The electric eel (Electrophorus electricus) lurks in the murky waters of the swamps and rivers of northern South America. With its highly sophisticated system of electrolocation, it is a stealthy predator, having the ability to navigate and hunt in conditions of low visibility. Using ‘electroreceptors’ to detect distortions in an electric field generated within its own body, it can locate a potential meal undetected. It then immobilizes its prey using a powerful electric shock, sizeable enough to stun a large mammal such as a horse, or even kill a man.1 Having a long cylindrical body it closely resembles what we commonly understand by eels (order Anguilliformes); however it belongs to a different fish order (Gymnotiformes).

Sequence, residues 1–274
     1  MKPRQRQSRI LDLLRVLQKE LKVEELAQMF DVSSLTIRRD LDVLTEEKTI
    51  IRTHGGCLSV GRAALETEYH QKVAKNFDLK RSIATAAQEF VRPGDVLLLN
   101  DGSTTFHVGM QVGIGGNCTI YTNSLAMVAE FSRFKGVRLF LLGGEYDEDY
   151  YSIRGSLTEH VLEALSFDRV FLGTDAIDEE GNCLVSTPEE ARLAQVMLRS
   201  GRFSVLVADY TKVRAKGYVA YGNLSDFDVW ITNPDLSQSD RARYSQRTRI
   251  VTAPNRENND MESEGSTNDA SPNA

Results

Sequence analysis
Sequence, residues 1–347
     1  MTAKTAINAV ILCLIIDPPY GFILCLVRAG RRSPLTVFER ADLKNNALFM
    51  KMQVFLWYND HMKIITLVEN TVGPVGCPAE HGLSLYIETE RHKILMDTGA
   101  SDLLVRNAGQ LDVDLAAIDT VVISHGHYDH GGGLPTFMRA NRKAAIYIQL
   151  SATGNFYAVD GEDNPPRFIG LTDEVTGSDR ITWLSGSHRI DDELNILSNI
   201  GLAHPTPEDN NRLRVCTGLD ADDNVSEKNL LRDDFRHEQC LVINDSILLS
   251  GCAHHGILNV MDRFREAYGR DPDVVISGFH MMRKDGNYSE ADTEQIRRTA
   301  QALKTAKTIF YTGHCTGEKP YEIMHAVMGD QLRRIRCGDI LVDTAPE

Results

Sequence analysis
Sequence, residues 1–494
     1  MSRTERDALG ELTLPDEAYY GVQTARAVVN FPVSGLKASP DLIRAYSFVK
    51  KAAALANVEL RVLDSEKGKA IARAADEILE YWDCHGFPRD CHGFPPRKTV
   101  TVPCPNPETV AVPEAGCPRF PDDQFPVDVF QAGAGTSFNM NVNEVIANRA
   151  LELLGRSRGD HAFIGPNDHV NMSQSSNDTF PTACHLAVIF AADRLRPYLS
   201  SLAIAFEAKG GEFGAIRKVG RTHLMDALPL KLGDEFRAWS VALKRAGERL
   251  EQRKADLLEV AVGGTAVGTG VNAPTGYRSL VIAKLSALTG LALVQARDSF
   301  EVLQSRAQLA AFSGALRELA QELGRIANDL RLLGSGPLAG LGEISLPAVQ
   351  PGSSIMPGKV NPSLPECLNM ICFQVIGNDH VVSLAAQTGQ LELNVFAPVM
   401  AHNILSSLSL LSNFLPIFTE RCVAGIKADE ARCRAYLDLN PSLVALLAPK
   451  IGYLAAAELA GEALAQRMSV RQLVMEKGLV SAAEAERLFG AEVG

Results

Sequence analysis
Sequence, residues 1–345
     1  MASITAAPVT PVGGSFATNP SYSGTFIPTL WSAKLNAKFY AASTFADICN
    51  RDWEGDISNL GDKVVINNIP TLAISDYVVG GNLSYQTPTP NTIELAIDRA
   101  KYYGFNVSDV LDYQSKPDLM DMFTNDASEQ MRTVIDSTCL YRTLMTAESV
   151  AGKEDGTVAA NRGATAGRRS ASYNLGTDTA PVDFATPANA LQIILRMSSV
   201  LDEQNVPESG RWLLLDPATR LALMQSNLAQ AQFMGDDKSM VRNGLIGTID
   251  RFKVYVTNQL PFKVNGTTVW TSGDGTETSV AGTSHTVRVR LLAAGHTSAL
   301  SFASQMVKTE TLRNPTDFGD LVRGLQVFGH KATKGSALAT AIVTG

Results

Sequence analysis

Fish that can detect electric fields are called electroreceptive and those that can generate strong electric fields like these eels are called electrogenic.
How does the electric eel generate such high voltages?
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